So children who are mistreated, verbally abused and physically assaulted often direct their negativity in two places: towards themselves first of all. They feel bad, unworthy, powerless. Then they walk around with a generalized, free-floating desire for vengeance against a negative other. To qualify to be a suitable target for bigoted verbal or physical violence, all one needs to be is (a) different, and (b) weak.
These children start off as young bullies and, absent healing, grow up to be authoritarian conservatives and often continue the cycle and the conservative worldview as parents—with the belt, the whip, and the paddle, along with “tongue-lashings.”
This is amplified by society in countless ways:
- Through competitive sports in schools and throughout popular culture. There is always an enemy, a negative other, with competitive sports. And always a positive self in the form of your team.
- Through the example of the national government which overthrows other governments, decade after decade, along with invasions, occupations, drone strikes against peoples in nations which are different and weaker.
- Through political campaigns such as the current 2016 presidential contest where Republicans often spew forth hate speech against select groups and individuals who are different and weak in some way.
- And in many other ways.
How is this pattern of bigotry expressed on a larger scale, between nations?
An article by James Carroll explains how the need for a “negative other” manifests in foreign policies towards the Mideast by the United States, and other western nations. He wrote:
“What we call ‘the West’ was born in the clash of civilizations that climaxed in the Crusades, with Muslims assigned the role of the external ‘negative other’ against which Christendom defined itself positively (The internal ‘negative other’ were the Jews).”
“Among Europeans, and then Americans, that intellectual polarity was sublimated over the centuries, but its insult remained current among Muslims, and was powerfully resuscitated by the assault of colonialism.”
Whether the manifestation of bigotry is experienced in our daily lives, within our own nation, or experienced from one nation to another, its effects are harmful on huge scales, in our world with its imbalances of power and wealth. The bigotry state of mind needs to be taken on by understanding its underlying structure and origins.
How do people take on and effectively oppose this pattern of bigotry by understanding its underlying structure and origins?
- Recognize bigotry. Confront it wherever it shows its ugly face. We can see this recently in the Republican Party presidential primary campaign through an ad John Kasich published. It confronts Donald Trump using a paraphrase of a well-known quote by Pastor Martin Niemöller, aimed at Adolf Hitler and Nazi Germany. We can also see this confrontation in journalism. For example, the New York Times did an analysis of Donald Trumps language—95,000 words in total. They concluded that Trump repeatedly refers to negative others in his speeches. The article stated, “The most striking hallmark was Mr. Trump’s constant repetition of divisive phrases, harsh words and violent imagery that American presidents rarely use, based on a quantitative comparison of his remarks and the news conferences of recent presidents, Democratic and Republican. He has a particular habit of saying ‘you’ and ‘we’ as he inveighs against a dangerous ‘them’ or unnamed other — usually outsiders like illegal immigrants (‘they’re pouring in’), Syrian migrants (‘young, strong men’) and Mexicans, but also leaders of both political parties.”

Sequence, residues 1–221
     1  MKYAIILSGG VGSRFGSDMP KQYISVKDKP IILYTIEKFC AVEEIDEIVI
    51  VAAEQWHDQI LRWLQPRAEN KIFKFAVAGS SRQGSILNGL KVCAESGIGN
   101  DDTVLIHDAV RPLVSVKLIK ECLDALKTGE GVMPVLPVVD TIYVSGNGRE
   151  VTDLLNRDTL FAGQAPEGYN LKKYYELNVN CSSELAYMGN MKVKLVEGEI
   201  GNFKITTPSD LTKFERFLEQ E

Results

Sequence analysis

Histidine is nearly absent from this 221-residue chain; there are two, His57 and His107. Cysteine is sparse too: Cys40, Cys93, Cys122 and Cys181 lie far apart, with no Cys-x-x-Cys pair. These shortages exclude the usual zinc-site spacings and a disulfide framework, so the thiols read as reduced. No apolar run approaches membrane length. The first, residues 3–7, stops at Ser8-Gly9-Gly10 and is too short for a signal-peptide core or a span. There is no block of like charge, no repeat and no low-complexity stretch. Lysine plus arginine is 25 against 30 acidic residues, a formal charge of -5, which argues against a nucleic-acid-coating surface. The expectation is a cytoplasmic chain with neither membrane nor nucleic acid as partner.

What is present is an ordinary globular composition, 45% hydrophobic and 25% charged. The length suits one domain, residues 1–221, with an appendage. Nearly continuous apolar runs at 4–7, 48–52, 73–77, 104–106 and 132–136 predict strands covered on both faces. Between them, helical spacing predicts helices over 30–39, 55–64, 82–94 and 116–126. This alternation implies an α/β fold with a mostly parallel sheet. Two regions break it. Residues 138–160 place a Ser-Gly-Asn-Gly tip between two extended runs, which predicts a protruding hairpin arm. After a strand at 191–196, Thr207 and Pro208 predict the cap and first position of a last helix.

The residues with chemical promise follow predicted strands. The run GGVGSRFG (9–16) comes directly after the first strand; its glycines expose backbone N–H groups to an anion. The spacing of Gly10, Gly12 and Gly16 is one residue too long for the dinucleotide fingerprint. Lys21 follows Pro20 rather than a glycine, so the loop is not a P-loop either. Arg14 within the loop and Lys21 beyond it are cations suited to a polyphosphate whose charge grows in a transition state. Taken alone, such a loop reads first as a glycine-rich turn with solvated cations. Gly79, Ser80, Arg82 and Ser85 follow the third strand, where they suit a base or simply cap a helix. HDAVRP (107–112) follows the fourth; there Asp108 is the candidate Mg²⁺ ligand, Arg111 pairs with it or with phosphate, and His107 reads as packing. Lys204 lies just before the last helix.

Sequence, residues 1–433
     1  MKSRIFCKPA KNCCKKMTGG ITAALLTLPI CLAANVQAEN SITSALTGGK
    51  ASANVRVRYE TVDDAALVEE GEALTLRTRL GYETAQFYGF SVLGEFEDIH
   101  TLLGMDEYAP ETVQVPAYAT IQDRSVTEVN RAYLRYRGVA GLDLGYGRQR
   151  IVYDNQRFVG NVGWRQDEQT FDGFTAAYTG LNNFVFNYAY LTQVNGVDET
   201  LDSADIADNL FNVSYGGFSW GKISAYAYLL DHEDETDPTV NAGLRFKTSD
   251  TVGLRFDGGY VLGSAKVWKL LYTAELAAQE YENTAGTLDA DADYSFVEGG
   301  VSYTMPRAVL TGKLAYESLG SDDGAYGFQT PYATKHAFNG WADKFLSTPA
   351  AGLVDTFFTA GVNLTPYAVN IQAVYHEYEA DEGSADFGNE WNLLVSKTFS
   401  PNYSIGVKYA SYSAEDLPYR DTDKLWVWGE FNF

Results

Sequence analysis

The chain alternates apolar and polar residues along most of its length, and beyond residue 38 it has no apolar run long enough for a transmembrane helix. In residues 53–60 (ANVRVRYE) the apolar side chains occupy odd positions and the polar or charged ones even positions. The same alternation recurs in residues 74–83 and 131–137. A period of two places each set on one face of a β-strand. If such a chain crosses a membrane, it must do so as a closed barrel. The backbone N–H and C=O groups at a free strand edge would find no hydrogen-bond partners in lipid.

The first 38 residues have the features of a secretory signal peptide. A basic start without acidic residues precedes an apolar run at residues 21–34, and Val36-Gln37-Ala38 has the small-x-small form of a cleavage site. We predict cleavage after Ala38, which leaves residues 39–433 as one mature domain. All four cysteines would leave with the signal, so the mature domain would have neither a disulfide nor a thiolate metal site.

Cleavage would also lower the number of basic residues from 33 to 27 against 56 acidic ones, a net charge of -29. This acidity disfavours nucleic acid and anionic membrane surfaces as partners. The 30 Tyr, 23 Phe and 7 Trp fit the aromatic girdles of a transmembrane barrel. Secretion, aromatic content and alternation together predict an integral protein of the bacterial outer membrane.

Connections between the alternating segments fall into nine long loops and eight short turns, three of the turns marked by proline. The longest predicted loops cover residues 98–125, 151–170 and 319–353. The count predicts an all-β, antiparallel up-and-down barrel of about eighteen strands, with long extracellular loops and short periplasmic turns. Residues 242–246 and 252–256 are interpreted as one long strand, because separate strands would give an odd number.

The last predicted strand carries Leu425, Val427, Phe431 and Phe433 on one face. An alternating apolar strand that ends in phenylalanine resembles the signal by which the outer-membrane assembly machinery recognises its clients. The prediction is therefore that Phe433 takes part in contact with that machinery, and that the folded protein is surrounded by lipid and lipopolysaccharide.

- Advocate laws which protect adults from bigotry, and isolate adults who express it with illegal violence and abuse. While 31 states in the U.S. have banned corporal punishment, 19 states still allow this practice of assault and battery against children.
- Advocate laws which protect children from verbal and physical violence in any form, in any place, for any reason.
This latter idea—the protection of children from assault and battery—is especially important, for it deals with how to prevent the primary cause of the state of mind of bigotry—the free-floating, generalized need for vengeance.
The website by Jordan Riak called Nospank is one such effort to encourage legislation to protect children, especially those in the 19 states which still engage in assault and battery (corporal punishment) in public and private schools. Another such effort is global, through the Convention of the Rights of the Child, supported by the United Nations and many nations. For those in the United States, urge state and national legislators, and schools, to adopt it. It hasn’t been ratified in the U.S.
For students and children—young people of any kind—who need to protect themselves, the author published this letter publicly to the Nospank website for a student who sought help. It has a few tactics for self-protection, and can be found here.